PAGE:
New York could be powered by 100% clean energy by 2050
- 13 March 2013
NEW YORK: Scientists have mapped out an alternative future for New York State which shows it is possible to convert New York’s infrastructure to be entirely powered by renewables by 2050.
The theoretic study, which was put together by researchers from Stanford University, Cornell University and the University of California-Davis, outlines how clean energy can meet New York State’s power, industry and transport needs by 2050.
Under the plan, New York State’s entire end-use power would be provided by 50% wind, 38% solar, 5% geothermal and the rest wave and tidal energy.
The plan, Examining the Feasibility of Converting New York State’s All-Purpose Energy Infrastructure to One Using Wind, Water, and Sunlight, reveals that if the state made the switch to clean energy, it would reap many economic and environmental benefits, including:
- Increase in new jobs, manufacturing and installations for New York, as all energy would be produced in-state.
- Savings of around US$33 billion a year in related health costs, which is 3% of the state’s gross domestic product of US$1.1 trillion.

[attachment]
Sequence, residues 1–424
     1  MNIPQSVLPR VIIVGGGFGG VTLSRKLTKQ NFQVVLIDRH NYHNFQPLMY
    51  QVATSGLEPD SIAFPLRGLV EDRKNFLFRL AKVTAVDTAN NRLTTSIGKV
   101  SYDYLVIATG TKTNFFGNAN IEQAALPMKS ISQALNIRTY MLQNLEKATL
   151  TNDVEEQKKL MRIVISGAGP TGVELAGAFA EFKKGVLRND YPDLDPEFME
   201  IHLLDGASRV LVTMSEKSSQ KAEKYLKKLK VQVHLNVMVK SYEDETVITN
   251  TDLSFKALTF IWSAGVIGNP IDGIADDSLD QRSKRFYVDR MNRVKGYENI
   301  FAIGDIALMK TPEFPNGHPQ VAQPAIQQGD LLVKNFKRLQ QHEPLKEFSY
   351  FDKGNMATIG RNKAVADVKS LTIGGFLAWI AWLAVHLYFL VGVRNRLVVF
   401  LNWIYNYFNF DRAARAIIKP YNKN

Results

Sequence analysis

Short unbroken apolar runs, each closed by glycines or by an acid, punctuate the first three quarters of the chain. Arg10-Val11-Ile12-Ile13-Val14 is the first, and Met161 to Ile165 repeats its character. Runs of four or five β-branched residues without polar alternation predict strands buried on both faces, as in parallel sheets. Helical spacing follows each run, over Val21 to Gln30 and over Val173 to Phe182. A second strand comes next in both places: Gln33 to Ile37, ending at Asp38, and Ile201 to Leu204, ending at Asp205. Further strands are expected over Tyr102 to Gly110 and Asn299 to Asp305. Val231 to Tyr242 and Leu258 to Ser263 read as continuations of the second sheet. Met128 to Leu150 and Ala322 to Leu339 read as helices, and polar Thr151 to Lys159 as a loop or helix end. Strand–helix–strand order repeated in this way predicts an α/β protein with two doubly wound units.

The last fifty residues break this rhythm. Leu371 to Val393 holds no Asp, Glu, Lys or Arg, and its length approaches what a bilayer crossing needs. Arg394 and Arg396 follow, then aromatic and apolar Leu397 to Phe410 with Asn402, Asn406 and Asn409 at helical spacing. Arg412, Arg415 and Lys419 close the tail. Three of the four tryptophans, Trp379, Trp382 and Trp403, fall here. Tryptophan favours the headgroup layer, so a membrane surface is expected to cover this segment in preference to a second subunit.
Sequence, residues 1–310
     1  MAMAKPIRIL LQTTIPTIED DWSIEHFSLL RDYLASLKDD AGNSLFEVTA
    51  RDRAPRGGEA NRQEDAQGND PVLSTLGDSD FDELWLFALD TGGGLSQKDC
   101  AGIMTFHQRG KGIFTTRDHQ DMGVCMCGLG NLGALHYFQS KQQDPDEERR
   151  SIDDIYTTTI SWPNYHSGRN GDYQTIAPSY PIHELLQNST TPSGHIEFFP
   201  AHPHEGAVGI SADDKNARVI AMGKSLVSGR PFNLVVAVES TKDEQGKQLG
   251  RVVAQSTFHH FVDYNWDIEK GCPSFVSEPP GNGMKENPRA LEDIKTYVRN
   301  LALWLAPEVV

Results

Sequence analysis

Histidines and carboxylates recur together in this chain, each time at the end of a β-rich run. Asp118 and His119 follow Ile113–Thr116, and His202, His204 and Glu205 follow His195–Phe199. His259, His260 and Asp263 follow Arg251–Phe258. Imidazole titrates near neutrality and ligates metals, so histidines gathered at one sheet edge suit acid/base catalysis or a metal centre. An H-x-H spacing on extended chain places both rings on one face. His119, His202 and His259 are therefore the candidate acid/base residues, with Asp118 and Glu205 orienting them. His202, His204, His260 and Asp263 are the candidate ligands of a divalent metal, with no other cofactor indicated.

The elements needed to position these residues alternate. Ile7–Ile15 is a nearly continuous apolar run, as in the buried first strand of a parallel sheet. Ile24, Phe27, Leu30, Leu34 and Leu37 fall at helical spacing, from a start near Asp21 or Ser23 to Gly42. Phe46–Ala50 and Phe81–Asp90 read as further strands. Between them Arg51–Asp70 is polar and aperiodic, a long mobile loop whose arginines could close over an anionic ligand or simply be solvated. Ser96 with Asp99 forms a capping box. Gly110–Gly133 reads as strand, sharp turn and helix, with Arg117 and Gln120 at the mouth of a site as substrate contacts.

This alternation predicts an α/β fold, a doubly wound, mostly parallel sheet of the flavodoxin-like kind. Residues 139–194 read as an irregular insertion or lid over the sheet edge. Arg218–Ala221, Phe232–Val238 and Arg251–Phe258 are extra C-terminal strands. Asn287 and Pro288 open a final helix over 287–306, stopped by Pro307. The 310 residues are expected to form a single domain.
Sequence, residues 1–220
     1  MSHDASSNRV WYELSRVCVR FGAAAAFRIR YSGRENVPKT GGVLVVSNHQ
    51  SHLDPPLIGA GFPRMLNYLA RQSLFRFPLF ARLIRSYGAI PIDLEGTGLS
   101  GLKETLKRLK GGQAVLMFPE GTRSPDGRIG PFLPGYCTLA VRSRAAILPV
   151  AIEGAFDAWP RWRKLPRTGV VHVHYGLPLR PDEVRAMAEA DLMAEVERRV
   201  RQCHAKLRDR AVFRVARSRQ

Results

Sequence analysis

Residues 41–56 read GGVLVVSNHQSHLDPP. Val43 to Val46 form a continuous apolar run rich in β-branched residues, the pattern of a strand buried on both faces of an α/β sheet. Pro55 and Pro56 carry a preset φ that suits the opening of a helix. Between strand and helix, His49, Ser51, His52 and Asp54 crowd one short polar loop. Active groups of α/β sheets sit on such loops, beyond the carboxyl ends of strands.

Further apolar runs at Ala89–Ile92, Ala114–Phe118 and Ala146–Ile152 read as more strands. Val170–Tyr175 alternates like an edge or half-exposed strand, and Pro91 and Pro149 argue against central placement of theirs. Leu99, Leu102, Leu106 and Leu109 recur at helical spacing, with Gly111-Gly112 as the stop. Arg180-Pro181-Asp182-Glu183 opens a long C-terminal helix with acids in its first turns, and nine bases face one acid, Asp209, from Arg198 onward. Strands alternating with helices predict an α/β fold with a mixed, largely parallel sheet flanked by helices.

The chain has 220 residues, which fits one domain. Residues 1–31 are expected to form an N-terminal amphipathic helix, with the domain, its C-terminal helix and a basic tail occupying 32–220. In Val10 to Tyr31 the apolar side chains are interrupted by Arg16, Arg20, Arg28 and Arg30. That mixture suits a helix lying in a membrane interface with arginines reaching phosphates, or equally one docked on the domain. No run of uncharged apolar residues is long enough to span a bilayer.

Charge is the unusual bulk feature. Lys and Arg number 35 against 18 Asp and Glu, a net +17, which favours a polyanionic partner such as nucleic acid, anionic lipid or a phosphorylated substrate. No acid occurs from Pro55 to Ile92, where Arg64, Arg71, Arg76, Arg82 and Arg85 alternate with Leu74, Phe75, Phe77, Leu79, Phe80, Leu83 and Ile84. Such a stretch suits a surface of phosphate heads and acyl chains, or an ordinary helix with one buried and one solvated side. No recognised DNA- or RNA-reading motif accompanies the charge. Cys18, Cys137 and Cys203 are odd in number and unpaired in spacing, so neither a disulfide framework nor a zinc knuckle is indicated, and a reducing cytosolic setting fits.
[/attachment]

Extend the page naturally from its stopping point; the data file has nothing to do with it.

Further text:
- End-use power demand would drop by about 37%, stabilizing energy costs.
- Emission decreases would reduce 2050 climate change costs by US$3.2 billion a year.
Researchers show that while the switch would need substantial upfront costs, the estimated savings would pay for the necessary power infrastructure upgrades.
The researchers also have plans to create similar studies for other American states. Robert Howarth, Co-author and Cornell University professor of ecology and environmental biology, said: “We must be ambitious if we want to promote energy independence and curb global warming.”
Amy Davidsen, US Executive Director, The Climate Group said: "With governments like Scotland already committing to 100% renewables, it's worth asking how feasible such a goal is for other governments around the world. While there are certainly barriers to such a scale up, thought leadership like this is one of the best methods for identifying ways to overcome those barriers."
By Clare Saxon